SAEKDONG 색동 DIASPORA

PHI Foundation, Sept 22, 2021 – Jan 09, 2022 – 451 St Jean (4FL)

(audio) video visitFrançais한글

The installation “SAEKDONG색동DIASPORA” by kimura byol-nathalie lemoine is made of 8 elements that brings together a multitude of objects in careful arrangement to reference their transnational experiences. The work explores themes of identity formation based on ethnicity, nationality, adoption, migration, and how all these might be expressed through objects and organic materials. “SAEKDONG색동DIASPORA” is presented as part of the exhibition “… and room in the bag of stars” alongside other artists from this year’s PHI Montréal residency program. Open until January 9, 2022 Free admission · Reservations required

0. Seeds from the East (reference), book, 1956 (USA)

In this book, Bertha Holt recounts the events that led her and her husband Harry Holt to adopt eight South Korean children and to facilitate the adoption of 220,000 other South Korean “orphans” internationally.

1. sarang han tiohtià:ke (air) QR code, video, colour with sound (9:16), 17:06

In this video work, the seeds of one place growing in another evoke the artist’s diasporic journey, reproduction, and the possibility of finding one’s own emotional connections of nostalgia and melancholy in the city of Tiohtià:ke

2. sauvé·e des eaux (rice paper) Japanese rice paper booklet, saekdong, 100 x 17 cm

In the early 1990s, due to their possession of a tourist visa in their native country of South Korea, the artist had to travel back and forth between their country and the nearest country that did not require an entry visa, Japan. Taking advantage of these repeated trips, the artist would bring back Japanese art materials to South Korea. Their apartment was flooded during the rainy season and many material possessions, including their Korean passport, were lost—only this notebook, which bears the mark of the rising water level in space, could be ‘saved from the waters’ like Moses. 

3. dying in japan (water) 100 plastic medicine vials, water, 100 seeds of false indigo, 100 x 100 cm

This work is the result of the artist’s experimentation with 100 seeds of false indigo, presented in a display case measuring 100 centimetres by 100 centimetres. The initial idea was to soak the seeds in water to obtain dye. Instead, the seeds began to germinate when exposed to the sunlight of the exhibition room, evoking the process of in vitro fertilization.

4. counting days (wood) 100 lotus seeds and acorns, thread, saekdong, frame, 31 x 37 cm

The abacus, present in China for several centuries, was a subject of mockery for the artist, being of Asian appearance and adopted by a Western family/society. The memory of this mockery resurged during their immigration process to Canada, which requires a precise count of the days spent on Canadian territory, in order to obtain permanent residency and, eventually, citizenship.

5. unseeded land (earth) 100 Mason jars, stolen land, 100 x 100 cm

The work presents jars of 100 grams of soil stolen from parks in Tiohtià:ke/Montréal that have a community attachment to the artist’s new immigrant identities.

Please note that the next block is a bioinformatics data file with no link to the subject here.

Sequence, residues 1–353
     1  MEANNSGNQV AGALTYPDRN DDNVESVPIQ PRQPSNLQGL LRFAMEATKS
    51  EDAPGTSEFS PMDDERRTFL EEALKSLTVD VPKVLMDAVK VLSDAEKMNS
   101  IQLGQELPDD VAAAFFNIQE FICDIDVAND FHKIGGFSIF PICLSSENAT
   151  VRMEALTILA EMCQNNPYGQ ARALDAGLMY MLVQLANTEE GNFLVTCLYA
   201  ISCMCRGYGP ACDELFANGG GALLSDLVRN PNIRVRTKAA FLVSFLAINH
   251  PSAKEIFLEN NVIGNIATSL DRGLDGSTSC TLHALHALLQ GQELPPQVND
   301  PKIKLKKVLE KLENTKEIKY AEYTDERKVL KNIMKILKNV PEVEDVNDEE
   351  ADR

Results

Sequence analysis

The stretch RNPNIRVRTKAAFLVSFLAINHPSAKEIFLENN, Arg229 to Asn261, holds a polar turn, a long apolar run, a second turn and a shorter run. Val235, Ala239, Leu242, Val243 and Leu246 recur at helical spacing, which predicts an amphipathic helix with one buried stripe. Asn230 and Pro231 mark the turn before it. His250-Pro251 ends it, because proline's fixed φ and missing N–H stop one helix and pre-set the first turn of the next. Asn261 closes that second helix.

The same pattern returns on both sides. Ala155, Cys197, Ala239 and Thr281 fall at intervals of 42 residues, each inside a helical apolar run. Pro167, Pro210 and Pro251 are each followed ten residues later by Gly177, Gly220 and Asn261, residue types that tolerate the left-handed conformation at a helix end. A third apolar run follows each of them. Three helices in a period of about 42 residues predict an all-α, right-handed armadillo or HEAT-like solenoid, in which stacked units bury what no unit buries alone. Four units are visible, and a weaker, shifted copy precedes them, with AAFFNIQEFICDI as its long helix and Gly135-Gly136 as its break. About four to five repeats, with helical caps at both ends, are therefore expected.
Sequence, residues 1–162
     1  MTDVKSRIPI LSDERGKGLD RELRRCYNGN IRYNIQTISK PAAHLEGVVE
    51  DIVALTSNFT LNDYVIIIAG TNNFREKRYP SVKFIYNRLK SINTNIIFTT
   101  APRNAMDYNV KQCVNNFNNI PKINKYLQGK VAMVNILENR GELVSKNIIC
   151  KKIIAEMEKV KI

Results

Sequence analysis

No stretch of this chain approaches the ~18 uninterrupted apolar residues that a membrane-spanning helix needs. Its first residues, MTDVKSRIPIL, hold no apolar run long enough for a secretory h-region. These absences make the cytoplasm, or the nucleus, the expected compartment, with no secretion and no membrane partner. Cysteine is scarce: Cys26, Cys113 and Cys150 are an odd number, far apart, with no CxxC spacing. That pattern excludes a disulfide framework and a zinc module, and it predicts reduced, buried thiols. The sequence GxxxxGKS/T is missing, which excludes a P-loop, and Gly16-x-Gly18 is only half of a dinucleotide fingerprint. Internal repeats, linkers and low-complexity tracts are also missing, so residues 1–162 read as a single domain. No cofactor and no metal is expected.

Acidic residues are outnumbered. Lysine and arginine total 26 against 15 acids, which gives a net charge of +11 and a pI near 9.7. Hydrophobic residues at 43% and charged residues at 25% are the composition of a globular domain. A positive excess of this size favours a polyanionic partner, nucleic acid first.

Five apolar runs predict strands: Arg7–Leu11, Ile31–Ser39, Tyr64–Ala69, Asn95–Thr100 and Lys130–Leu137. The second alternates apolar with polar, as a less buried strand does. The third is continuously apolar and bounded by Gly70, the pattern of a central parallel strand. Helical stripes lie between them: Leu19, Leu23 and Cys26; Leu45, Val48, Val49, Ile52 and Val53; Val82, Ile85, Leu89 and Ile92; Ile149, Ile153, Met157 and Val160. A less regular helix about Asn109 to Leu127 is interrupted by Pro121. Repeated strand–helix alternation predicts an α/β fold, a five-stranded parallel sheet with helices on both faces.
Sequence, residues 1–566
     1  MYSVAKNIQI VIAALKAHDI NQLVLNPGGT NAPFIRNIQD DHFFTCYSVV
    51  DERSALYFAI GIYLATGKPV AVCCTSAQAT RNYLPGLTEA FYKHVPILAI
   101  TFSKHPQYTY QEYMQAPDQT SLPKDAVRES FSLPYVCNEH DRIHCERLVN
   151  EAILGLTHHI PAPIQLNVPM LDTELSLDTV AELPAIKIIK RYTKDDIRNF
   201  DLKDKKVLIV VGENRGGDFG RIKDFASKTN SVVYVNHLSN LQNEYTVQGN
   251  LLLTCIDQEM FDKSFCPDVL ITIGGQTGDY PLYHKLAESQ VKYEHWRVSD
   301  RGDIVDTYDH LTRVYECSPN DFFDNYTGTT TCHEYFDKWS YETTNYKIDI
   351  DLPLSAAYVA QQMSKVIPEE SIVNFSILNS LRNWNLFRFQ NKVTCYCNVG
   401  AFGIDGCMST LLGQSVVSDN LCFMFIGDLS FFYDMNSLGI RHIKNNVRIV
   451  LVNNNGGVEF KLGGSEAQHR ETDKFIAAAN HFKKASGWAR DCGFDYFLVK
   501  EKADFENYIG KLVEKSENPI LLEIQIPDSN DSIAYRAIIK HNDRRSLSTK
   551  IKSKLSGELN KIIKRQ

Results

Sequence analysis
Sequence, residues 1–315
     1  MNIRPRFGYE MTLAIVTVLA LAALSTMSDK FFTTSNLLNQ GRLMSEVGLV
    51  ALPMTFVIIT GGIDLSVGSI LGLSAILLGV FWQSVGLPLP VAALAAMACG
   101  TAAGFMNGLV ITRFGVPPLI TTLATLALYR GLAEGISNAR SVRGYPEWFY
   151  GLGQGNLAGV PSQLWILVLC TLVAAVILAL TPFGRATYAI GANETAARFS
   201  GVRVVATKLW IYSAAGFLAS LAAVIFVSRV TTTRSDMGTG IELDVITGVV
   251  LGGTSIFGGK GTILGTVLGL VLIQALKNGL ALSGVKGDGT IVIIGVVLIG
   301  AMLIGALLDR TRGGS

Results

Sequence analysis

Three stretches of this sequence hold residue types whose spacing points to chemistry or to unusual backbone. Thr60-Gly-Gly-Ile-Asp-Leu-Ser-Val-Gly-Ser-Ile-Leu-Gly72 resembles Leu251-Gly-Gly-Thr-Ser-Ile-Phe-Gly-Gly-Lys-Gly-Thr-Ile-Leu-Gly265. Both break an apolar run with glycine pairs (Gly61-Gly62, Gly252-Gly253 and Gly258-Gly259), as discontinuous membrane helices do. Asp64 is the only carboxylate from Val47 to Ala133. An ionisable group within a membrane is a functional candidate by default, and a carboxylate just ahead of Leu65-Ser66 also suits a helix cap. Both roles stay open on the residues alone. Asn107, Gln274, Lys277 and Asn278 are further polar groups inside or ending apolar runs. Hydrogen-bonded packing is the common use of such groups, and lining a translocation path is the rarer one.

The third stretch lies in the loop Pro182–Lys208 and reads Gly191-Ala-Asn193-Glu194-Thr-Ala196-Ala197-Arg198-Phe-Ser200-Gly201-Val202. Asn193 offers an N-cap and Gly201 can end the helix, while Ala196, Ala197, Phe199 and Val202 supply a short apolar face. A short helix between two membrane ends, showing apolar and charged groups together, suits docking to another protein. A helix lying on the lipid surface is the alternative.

6. uncovered stories (metal) Saekdong, 100 Mason jar lids, 100 x 100 cm

The lines of the saekdong (traditional Korean fabric) that are laminated onto Mason jar lids are placed according to Australian Aboriginal perspective, which is based on the centre/middle as a vanishing point. The lids, arranged in a 100 centimetre by 100 centimetre square, hide the ‘real’ stories of adoptees and early peoples through invasion or export as methods of colonization.

7a. seedless ajumma (wind) 6 x 100 seeds, transparent plastic sleeves, 100 x 100 cm – dedicated to biological mothers/fathers

The work consists of 6 seeds (iris, mugunghwa/hibiscus, sakura/cherry tree, bamboo, cosmos and marigolds) from the 8 cities where the artist has lived (Busan, Watermael-Boitsfort, Bruxelles/Brussels, 서울/Séoul/Seoul, Tiohtià:ke/Montréal), placed in bags of hope. Ajumma (or 아줌마) is a Korean word for a married woman, or a woman that is 40 years old or more. The term is less polite than ajumeoni, but means the same thing. 

7b. seeded ajumma (emptiness) 100 biloba leaves, transparent plastic sleeves, 100 x 100 cm – dedicated to adoptive mothers/fathers

In some Asian countries, gingko (은행나무) is a symbol of money, banking, but also some mafias. The work is made of 100 (naturally) fallen leaves, selected, preserved, and packaged as we present adoptees (abroad and in Western families) to future adoptive parents. 

8. yikinging spaces (time) Video, colour with sound (16:9) 10:00

This meditative ballad is a diasporic voyage based on elements of the Yi-King and the colours of the saekdong (traditional Korean fabric) in a vertical composition (Asian perspective).

* To all the seeds from the East to the West

The artist thanks : Hiba Abas (Familiprix), Chittakone Baccam, Ryan Baker, Magenta Baribeau, Marie-France Breton, Yves Cantraine, Dahlia Cheng, Maïly Daïgle, Rixt de Boer, Shayo Detchema, Stefanie Di Tommaso, Cheryl Donison, Alanna Fitzgerald, Juniper Glass, MP Grenier, Thé Guru (t-guru.ca), Anne-F Jacques, camille käse, Adel KSK, Catherine Lalonde Massecar, lamathilde, Aude Lespagnard, Kim Maurice, Laure Neuville, Pak Okkyung, Marilie Ross, Bill Ryan, Libbie Shea, Coral Short, Cheryl Sim, Ludmila Steckelberg, Alanna Thain, Mary Sui Yee Wong, Amelia Wong-Mersereau, Sunny Young, Ji Yun.

Press.e

PHI’s newest exhibit imagines post-pandemic human connection, Avryl Bender, McGill Tribune, 2021.09.28)

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